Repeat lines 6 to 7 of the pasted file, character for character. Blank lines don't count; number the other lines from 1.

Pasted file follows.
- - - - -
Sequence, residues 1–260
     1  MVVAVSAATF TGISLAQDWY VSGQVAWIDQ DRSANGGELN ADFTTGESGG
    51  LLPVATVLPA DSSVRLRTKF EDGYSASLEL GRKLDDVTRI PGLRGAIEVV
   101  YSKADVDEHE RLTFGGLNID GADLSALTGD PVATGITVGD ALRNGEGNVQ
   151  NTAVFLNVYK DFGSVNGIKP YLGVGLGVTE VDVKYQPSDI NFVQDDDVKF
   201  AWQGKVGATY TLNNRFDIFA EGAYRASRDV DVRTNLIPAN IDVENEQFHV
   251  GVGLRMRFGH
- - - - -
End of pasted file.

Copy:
   201  AWQGKVGATY TLNNRFDIFA EGAYRASRDV DVRTNLIPAN IDVENEQFHV
   251  GVGLRMRFGH